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I keep running out of space on dev/hda6 (my root partition)
I have it set to 16 GB, I use max 3GB for my stuff, the fresh installation only took up abut 3GB. I did install a bunch more packages, but I don't think that's 10GB worth!
Are there any temp directories I can delete? How do I find them?
All those hidden directories fill up with all sorts of nonsense. I bet you've been using root as your normal user.
.thumbnails will fill up with thumbnail images of ANY image you've ever seen in a file browser or file viewing application. You can usually safely delete it's contents but I haven't yet found a way to stop certain apps from regenerating them. .mplayer and .xine will fill up with playlists and all sorts of other junk.
.xsession-errors will probably be full of crash reports etc. from programs that you've run under X.
Additionally, Desktop is a nightmare if you are used to saving things on the desktop from Windows.
First, STOP USING ROOT as a normal account. That sort of accumulation only really happens in /root if someone's been logged in as root. Everything else tends to write to the filesystem in general (even X etc.).
Second, trimming the filesystem is an important skill, knowing what to delete and what not to. Do familiarise yourself with the du etc. commands so that this is not a problem. Find a nice spot to throw stuff until you are sure the system works without it (I have a habit of using /lost+found but that's not the best way to do it. a directory in the root or in /tmp is probably better), move anything you don't think you need there, then test the system with a reboot, login, etc. to check things still work before you rm them.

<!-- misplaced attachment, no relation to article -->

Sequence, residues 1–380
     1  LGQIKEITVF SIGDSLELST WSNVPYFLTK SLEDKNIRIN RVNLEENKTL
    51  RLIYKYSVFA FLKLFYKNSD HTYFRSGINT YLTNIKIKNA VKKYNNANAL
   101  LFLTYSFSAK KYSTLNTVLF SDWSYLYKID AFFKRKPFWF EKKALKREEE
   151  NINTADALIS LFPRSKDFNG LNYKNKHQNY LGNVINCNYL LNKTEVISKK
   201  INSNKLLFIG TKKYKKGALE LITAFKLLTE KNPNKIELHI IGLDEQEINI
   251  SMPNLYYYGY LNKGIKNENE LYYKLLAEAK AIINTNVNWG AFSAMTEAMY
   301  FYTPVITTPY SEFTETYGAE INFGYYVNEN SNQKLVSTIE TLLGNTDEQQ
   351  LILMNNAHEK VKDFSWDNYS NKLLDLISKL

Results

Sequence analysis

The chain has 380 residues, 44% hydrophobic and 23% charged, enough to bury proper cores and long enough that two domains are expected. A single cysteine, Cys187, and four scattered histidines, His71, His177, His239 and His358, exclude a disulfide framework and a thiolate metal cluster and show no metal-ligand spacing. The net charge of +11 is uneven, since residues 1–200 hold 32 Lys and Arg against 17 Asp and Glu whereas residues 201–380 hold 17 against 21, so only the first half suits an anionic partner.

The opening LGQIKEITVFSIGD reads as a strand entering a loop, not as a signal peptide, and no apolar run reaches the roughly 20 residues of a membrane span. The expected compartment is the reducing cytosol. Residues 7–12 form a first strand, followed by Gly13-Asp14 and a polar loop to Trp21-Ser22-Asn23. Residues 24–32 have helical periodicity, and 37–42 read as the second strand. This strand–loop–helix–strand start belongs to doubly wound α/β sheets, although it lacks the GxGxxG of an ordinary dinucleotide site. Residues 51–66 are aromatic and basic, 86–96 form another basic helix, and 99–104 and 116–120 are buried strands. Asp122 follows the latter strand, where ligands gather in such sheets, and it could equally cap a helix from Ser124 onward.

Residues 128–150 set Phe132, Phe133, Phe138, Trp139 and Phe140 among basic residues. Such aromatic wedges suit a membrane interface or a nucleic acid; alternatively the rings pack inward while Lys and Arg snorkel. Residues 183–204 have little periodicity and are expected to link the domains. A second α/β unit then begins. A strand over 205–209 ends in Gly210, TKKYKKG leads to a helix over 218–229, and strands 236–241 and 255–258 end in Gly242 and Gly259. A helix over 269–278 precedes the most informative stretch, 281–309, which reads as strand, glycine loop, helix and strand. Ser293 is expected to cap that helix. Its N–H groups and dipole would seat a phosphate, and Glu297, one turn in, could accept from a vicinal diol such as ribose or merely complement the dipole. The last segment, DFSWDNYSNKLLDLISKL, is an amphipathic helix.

This also goes for finding the proper places to save things to. Don't use the crap My Documents/Desktop setup of Windows - you have a homedir and that's where you stick ALL your files. If you want a shortcut on the desktop, make a SHORTCUT (symlink), not a copy of the file. When you start to admin machines you quickly find people who use the Desktop as a filesystem in itself - don't. It decreases performance on certain setups (those that have to transmit user profiles etc.), it's easy to accidentally move/delete stuff on there, it makes backing up harder if personal files are spread everywhere and have multiple copies.
By default, 5% of any filesystem is set aside PURELY for root to use. No other user has access to that 5%. If you fill up the disk as a user, you don't need to worry becuase root will always have enough space to get stuff done (move files about, run programs etc.). If you fill up root's allocation, though, you could run into a lot more hassle to clear it up.